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UPDATE: Jurors deliberate fate of man charged in Decorah murder

UPDATE: Jurors deliberate fate of man charged in Decorah murder

NEW HAMPTON — Jurors will return Monday to continue deliberating the fate of Dalton Adam, charged with murder in the 2018 death of David Hansen in Decorah.

Jurors began weighing the evidence shortly after noon Friday in the Chickasaw County Courthouse in New Hampton, but did not make a decision by the end of the day.

Adam, 19, of Prairie du Chien, Wis., and Jacob Seelinger, 18, got in a confrontation with Hansen, the 46-year-old boyfriend of Seelinger’s mother, outside Hansen’s Decorah home July 12, 2018. Hansen was knocked to the ground, and the two punched and kicked him while he was defenseless. Hansen never regained consciousness and died about a month later from a blunt injury to the head suffered in the incident.

Adam took the stand in his own defense Wednesday and said he had intervened when Hansen punched Seelinger. He said Hansen then hit him in the face, bloodying his nose, and he responded with his own punch that felled Hansen.

Defense attorney Andrew Thalacker said that one punch was thrown in self defense, and it caused Hansen to strike his head on the cement driveway, leading to the fatal injury. He argued the followup blows from the two — Adam had admitted to 20 to 30 punches and up to 10 kicks while Hansen was down — didn’t contribute to Hansen’s death, and he urged the jury to find his client guilty of a lesser assault charge instead of murder.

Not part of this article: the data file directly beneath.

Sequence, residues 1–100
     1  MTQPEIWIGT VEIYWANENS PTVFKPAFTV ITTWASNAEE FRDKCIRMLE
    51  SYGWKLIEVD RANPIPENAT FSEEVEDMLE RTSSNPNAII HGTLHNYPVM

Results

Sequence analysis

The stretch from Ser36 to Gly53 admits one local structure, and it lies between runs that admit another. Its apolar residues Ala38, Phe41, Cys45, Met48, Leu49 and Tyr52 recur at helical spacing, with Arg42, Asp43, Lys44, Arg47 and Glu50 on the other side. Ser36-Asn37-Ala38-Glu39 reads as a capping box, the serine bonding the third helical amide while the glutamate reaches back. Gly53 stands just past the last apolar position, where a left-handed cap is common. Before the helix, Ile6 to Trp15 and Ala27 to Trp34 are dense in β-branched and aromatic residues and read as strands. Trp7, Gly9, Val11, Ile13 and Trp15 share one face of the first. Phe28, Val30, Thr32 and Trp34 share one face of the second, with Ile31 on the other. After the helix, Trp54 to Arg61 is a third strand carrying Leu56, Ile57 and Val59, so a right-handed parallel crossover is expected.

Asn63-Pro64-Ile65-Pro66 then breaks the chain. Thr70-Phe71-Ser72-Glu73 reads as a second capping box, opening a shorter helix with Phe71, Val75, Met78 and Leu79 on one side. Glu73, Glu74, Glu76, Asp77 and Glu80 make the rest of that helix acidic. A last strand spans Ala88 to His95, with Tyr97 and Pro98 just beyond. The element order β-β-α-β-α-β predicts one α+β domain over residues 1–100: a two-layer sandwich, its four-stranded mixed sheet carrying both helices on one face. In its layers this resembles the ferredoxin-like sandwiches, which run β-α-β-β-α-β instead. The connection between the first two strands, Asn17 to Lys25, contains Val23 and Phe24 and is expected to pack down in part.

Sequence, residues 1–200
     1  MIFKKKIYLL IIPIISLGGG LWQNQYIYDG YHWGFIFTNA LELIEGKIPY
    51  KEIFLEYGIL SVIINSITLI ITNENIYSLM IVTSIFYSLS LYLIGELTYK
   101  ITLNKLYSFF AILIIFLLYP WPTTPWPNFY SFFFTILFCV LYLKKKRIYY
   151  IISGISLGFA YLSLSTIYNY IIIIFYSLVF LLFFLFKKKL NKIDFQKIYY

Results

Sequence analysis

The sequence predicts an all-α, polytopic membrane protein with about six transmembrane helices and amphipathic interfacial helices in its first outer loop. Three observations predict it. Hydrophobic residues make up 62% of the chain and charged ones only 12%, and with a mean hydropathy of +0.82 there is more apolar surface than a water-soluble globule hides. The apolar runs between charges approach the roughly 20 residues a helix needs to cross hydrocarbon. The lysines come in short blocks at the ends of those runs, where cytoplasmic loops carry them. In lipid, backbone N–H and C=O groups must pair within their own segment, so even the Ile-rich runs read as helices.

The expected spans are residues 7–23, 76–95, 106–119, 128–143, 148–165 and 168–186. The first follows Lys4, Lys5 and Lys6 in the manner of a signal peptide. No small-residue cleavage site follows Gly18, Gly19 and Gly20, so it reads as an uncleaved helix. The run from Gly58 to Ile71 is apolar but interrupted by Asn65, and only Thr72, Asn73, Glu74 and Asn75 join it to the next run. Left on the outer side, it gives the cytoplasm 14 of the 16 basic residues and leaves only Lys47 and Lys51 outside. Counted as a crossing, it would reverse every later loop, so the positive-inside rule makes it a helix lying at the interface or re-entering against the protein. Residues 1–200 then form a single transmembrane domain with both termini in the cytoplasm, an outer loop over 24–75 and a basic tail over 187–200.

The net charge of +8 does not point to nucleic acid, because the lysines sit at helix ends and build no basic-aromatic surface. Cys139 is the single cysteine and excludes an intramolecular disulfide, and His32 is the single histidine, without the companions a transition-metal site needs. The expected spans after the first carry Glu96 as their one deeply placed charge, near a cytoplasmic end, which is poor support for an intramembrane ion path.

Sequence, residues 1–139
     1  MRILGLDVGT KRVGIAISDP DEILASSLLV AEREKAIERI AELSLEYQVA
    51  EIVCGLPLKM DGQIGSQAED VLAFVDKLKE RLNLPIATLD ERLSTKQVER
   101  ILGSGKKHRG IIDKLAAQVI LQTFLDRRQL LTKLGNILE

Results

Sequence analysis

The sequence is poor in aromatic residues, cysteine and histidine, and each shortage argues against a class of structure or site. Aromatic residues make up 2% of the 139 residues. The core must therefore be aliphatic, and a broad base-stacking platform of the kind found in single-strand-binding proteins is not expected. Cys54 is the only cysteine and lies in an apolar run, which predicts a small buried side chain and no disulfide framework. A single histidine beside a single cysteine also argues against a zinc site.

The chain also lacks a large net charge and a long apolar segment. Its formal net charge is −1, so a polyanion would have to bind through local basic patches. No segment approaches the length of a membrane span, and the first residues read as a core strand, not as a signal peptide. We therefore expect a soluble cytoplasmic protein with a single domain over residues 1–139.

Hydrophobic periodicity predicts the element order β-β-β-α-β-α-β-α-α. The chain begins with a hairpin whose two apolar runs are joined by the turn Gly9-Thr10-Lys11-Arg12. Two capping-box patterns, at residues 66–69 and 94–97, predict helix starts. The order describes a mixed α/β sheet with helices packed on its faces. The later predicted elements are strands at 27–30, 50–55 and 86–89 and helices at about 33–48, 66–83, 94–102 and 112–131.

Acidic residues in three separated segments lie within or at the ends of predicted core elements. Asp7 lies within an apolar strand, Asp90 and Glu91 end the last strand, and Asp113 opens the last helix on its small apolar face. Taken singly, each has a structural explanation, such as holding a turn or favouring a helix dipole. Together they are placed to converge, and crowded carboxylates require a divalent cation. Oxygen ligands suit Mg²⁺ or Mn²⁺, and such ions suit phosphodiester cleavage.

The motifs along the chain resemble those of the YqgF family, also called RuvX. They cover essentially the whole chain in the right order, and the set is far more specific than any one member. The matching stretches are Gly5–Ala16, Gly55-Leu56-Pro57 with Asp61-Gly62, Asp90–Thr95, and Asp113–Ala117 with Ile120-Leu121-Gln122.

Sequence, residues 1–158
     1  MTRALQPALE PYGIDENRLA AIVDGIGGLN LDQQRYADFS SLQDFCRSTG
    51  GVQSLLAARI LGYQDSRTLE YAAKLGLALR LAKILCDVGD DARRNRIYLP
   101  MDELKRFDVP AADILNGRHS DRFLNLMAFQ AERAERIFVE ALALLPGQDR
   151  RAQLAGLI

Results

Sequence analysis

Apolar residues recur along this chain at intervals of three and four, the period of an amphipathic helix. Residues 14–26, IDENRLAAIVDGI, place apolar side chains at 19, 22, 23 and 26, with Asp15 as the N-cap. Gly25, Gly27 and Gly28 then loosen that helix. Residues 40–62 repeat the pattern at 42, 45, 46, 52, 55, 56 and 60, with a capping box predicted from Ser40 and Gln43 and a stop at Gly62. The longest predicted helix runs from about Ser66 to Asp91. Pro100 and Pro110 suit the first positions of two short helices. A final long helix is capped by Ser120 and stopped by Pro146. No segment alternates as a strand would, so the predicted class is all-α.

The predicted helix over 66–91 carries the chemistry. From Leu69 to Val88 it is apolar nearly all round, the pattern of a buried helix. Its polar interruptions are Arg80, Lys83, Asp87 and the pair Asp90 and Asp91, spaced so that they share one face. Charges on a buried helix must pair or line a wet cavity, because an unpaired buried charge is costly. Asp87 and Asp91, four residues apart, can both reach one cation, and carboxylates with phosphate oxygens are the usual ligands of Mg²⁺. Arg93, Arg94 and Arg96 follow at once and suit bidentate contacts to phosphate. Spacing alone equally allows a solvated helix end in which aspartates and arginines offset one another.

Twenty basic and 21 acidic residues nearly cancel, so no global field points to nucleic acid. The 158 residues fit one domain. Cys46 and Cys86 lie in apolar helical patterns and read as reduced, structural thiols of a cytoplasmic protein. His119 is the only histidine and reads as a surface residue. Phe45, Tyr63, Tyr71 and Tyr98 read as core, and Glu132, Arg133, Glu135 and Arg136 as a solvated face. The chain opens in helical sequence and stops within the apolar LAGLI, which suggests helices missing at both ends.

“He didn’t want to be there. He was trying to keep his friend out of trouble. ... He was in the middle of two unreasonable people fighting,” Thalacker said.

Assistant Iowa Attorney General Scott Brown disputed the defense’s “one punch” theory, noting a medical examiner testified the fatal deep brain injury Hansen suffered could have been from hitting the concrete or could have come from the repeated punches and kicks that followed.

Either way, Brown urged jurors to consider that the additional strikes showed Adam’s intentions.

“Those 20 to 30 punches and eight to 10 kicks tell you what was in his mind,” Brown said. “Why jump on him when he clearly can’t defend himself.”

Seelinger was found guilty of second-degree murder during a trial earlier this year.

Adam’s trial was moved to Chickasaw County on a venue change.

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